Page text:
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Biden’s Labor Secretary Says He Supports Classifying Gig Workers as Employees

Labor Secretary Marty Walsh’s stance could lead to significant changes in the way gig workers are treated.

Labor Secretary Marty Walsh, with White House Press Secretary Jen Psaki, speaks during the daily press briefing on April 2, 2021, in the Brady Briefing Room of the White House in Washington, D.C.

President Joe Biden’s Labor Secretary Marty Walsh told Reuters on Thursday that he supports classifying gig workers as employees, which could signal a policy shift coming from the federal government.

“We are looking at it but in a lot of cases gig workers should be classified as employees,” Walsh told Reuters. “In some cases they are treated respectfully and in some cases they are not and I think it has to be consistent across the board.”

Walsh said that he wants to ensure that the “success” of companies that employ gig workers “trickles down to the worker.” He’s planning discussions between such companies and the Department of Labor to secure “all of the things that an average employee in America can access,” like health care and other benefits.

As head of the Labor Department, Walsh’s view could lead to significant changes to the gig economy. After the story was published, shares of Uber, Lyft and Doordash dropped significantly. Uber lost more than 6 percent, and Lyft and Doordash dropped more than 10 percent by midday.

Gig workers and the labor movement were dealt a blow last year when California passed Proposition 22, which allowed companies like Uber, Lyft, Instacart, DoorDash and Postmates — which together spent hundreds of millions lobbying for the legislation — to continue classifying their workers as gig workers instead of full employees. That means that these companies could continue not guaranteeing their employees a minimum wage and denying them benefits like paid sick leave and access to unemployment insurance.

Nonwhite and immigrant gig workers also don’t get the same protections from discrimination as employees in the U.S., which is particularly concerning because the vast majority of gig workers are people of color.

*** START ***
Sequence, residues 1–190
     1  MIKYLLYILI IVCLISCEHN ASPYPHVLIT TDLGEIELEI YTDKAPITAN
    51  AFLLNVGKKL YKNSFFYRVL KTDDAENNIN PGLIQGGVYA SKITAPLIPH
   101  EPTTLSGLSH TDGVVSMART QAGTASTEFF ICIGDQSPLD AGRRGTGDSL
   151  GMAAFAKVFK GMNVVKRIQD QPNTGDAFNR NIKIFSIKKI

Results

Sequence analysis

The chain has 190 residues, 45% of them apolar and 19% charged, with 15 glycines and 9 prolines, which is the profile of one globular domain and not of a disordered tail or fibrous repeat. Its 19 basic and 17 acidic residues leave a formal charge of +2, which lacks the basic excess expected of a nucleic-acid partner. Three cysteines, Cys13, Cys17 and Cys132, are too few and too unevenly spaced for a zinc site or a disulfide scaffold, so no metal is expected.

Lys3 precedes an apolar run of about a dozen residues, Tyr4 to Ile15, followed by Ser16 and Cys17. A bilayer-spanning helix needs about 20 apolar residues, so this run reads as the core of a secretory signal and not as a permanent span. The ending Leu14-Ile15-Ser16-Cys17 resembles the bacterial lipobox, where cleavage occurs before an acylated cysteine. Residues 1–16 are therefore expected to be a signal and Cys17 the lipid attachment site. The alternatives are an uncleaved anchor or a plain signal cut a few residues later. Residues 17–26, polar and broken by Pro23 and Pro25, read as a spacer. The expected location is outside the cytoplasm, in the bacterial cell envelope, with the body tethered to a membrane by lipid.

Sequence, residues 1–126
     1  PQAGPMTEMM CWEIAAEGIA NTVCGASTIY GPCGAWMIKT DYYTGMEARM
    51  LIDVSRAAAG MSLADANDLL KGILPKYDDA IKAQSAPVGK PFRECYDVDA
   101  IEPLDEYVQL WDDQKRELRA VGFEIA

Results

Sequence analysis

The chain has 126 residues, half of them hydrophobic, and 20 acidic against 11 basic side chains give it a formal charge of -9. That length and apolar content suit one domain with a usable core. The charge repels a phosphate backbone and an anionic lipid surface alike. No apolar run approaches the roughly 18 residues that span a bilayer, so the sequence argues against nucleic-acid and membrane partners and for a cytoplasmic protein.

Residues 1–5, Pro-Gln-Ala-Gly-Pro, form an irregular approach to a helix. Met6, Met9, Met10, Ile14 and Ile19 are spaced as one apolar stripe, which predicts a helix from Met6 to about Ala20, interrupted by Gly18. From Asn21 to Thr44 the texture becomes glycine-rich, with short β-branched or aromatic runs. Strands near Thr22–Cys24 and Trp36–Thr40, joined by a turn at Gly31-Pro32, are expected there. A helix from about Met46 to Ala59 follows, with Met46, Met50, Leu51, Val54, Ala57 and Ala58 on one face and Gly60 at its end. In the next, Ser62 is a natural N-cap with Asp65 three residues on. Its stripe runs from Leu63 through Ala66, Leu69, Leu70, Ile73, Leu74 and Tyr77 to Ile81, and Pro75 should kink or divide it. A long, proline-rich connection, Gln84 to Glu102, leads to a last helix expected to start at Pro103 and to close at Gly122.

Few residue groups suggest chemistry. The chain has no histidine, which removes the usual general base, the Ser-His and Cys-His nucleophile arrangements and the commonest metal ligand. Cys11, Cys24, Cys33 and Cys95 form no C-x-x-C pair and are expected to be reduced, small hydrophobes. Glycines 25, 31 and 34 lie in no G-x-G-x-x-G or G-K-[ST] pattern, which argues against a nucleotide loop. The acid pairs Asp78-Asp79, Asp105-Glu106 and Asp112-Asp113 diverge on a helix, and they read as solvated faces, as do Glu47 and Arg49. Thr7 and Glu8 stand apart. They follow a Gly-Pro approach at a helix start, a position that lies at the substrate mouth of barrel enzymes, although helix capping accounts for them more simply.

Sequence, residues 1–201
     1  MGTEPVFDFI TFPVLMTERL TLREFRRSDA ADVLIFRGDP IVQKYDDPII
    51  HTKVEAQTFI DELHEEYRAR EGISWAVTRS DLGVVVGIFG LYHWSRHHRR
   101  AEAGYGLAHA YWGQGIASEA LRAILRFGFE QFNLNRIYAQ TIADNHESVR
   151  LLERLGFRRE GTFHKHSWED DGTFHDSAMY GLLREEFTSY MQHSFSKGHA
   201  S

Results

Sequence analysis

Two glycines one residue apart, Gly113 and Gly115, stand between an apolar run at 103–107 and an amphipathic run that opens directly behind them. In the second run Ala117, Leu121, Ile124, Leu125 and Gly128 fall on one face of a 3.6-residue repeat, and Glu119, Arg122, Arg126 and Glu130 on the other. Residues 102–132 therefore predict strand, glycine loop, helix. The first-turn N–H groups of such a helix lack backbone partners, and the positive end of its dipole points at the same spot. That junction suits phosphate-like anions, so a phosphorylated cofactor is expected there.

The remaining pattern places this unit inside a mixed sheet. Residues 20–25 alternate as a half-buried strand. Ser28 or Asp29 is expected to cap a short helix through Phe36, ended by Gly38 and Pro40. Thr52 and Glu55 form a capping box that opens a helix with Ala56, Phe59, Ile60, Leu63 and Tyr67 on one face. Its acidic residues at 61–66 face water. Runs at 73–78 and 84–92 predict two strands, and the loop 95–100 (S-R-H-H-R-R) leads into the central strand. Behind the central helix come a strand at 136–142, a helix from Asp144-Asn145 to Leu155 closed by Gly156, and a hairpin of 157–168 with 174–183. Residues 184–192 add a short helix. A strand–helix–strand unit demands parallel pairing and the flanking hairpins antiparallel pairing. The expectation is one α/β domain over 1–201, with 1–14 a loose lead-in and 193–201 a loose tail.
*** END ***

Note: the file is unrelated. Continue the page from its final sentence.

The nonemployee designation has led to dire conditions for some workers, especially during the pandemic. The Los Angeles Times reported last year that one Uber worker died after having contracted COVID-19 while driving for the company. His family’s request for worker compensation was then denied because he wasn’t an employee of the company.

Labor advocates decried the passage of Prop 22 when it passed in November. Robert R. Raymond wrote for Truthout that it was “one of the most significant setbacks to labor rights in recent history,” while also noting that gig workers were quietly being denied employee status in state legislatures across the country last year.

Gig workers make up a large portion of the workforce in the U.S. According to a 2017 survey by the Bureau of Labor Statistics, 55 million people, or 34 percent of the workforce, were gig workers, a figure that was expected to grow. Other sources like the Freelancers’ Union have found that the figure varies between 25 and 35 percent of the workforce.

Workers are hurt by harmful gig economy policies, but the government also misses out on revenue when so many workers are denied benefits; companies can skirt paying for Medicare, Social Security and unemployment insurance taxes when they keep their workers from being employees. In California alone, the state has estimated that it loses out on $7 billion in revenue annually due to the classification.

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